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a web of many textures

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Page 371


Babies, we believe, have never been considered as
being in any way connected with the fine arts, and perhaps
“judicious criticism” might have little benefit
in improving, in the estimation of the possessors,
the cherubs chiselled by the hand of nature. The
style of babies is illimitable, and each family that is the
delighted possessor of one deems, of course, its own
the most in accordance with classic taste. Therefore
it is impossible to fix any standard, beyond mere opinion,
by which to establish the fact of beauty in a baby;
and we are obliged to leave it with the possessor to
fix the degree, and say whether pug-nosed or aquiline-nosed,
big-eyed or little-eyed, dumpy babies or more
extended babies, are most worthy of the claim to beauty.
And this brings out the fact that the Great Artist who
made the work gives also the faculty of appreciating
the excellence of each particular production to the ones
most interested. There is great wisdom in this; for, if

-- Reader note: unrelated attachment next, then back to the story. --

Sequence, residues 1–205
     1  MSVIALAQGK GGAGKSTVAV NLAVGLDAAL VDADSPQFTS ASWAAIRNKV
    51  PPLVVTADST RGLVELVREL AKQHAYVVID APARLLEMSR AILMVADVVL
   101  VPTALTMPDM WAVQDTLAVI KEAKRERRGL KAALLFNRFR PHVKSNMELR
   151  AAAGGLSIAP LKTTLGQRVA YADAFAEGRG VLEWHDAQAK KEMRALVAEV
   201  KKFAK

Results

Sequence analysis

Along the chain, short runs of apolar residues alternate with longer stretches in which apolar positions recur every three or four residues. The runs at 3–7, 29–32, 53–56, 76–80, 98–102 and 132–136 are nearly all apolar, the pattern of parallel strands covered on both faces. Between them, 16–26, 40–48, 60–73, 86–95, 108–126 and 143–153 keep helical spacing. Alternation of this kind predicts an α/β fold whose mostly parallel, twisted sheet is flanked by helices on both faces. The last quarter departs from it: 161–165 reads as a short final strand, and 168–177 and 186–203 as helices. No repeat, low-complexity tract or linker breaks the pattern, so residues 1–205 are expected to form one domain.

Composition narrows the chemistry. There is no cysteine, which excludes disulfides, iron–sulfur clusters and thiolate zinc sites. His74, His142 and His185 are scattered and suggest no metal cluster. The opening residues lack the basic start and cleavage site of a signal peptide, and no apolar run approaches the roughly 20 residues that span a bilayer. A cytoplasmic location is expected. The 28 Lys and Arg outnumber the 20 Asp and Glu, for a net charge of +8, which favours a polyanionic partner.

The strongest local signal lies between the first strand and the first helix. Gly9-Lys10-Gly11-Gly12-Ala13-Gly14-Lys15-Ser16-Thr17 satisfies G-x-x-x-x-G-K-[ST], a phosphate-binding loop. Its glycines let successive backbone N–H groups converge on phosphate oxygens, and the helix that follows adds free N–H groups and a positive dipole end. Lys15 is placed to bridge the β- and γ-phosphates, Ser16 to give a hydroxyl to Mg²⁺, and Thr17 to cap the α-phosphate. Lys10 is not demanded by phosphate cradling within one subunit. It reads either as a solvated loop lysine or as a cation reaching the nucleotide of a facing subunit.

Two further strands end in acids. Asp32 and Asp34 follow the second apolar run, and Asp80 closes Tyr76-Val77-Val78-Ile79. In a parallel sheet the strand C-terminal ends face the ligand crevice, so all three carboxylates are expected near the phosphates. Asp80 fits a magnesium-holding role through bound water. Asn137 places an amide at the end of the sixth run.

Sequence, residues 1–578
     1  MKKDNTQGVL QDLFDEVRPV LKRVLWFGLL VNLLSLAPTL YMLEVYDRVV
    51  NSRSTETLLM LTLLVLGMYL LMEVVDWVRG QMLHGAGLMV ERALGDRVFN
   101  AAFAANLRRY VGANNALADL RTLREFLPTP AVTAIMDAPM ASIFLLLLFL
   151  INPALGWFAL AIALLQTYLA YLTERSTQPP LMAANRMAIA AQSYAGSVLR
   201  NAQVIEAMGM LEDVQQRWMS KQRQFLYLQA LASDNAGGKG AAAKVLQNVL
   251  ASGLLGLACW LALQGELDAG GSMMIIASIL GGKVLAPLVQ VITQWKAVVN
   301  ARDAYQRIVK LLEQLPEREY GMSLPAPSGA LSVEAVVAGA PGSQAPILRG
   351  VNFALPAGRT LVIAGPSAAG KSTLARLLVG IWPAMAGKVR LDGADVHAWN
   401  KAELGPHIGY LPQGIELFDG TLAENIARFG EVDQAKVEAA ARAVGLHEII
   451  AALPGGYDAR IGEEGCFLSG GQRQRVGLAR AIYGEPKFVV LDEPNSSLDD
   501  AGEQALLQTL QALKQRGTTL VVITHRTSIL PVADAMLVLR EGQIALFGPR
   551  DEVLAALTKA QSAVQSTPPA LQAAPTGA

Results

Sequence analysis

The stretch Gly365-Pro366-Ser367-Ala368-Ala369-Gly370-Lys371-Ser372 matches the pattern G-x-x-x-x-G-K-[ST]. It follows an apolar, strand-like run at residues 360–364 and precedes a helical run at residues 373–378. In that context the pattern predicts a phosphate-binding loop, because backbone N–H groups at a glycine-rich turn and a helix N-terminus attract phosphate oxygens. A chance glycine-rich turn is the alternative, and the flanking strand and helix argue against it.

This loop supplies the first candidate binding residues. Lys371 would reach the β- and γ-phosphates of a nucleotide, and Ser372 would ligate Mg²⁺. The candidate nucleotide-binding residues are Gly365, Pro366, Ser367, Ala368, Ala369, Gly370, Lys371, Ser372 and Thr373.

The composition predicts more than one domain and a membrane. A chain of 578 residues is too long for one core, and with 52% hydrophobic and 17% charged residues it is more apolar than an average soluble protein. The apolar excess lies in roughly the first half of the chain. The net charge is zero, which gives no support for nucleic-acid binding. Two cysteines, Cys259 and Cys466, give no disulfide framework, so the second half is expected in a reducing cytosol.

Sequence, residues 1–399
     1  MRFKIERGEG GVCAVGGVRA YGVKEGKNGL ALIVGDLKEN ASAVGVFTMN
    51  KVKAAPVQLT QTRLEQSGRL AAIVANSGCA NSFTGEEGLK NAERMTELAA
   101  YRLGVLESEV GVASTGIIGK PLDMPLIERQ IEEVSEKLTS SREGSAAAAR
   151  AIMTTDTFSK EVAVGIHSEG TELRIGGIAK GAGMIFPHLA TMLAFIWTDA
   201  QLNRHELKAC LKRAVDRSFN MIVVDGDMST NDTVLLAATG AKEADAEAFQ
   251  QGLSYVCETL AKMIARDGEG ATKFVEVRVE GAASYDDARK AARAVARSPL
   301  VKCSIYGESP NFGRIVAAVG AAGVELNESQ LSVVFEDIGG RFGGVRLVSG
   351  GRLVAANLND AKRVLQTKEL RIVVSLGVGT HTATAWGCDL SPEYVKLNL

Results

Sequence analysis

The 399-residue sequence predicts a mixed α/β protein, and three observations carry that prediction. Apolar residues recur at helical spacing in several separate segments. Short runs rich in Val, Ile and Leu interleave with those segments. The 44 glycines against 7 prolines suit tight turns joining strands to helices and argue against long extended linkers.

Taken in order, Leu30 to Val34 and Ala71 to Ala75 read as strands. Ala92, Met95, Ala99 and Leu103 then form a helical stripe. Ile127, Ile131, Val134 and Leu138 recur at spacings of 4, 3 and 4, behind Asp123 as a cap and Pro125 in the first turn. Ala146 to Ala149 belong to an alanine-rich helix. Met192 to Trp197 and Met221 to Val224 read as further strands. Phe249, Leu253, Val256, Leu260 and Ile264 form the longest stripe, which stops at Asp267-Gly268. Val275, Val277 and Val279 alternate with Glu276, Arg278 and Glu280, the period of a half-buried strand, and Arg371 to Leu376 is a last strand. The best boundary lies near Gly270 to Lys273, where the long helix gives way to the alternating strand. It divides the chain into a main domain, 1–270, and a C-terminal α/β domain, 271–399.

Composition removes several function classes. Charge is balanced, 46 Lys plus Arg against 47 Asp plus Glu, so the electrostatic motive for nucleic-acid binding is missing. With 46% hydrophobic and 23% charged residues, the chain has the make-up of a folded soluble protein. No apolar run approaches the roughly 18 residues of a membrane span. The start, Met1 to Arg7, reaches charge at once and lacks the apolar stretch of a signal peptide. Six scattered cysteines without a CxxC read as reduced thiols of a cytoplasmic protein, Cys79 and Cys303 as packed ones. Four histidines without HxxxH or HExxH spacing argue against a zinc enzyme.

the same general idea of beauty prevailed, nobody's
baby would be safe. There would be endless envying,
and strife, and bickering, and more rivalry to obtain the
handsomest baby than now prevails at an auction to
secure some choice article of vertu. [The printer will
please not put this virtue, as that is an article which is
rarely sought with such avidity.] Now all are secure,
and each one is happy in the possession of the handsomest.
There is not a more interesting study in the
world than a baby as a work of art — aside from its
humanity, the grandeur of its destiny, and all that.
The tiny hand, so delicately modelled, is a lesson of
beauty. The transparent nails, the dimpled knuckles,
the delicate tracery of the palm-lines, all are so admirably


Page 372
executed, that it seems a pity to mar so sweet a
work by manly growth. Some one has said that infants
are always graceful in their motions. This is a mechanical
view of the baby, but it is true. From rolling over
on the carpet to pulling Bub's hair or papa's whiskers,
the baby's motions are beautiful. The chiselled marble
never can attain the exquisite finish of the rounded
cheek, the delicate eyelash, the beautiful mouth, the
funny nose, the dimpled chin. Ask the happy mother
or the proud father if they ever saw any one half as
beautiful as their own little laughing, crowing, cooing,
drooling, rollicking, rolling, tumbling, fretting little doll
of a baby, that sits there on the floor, or wherever it
may be, sucking its little fist, and the answer will be a
most decided negative.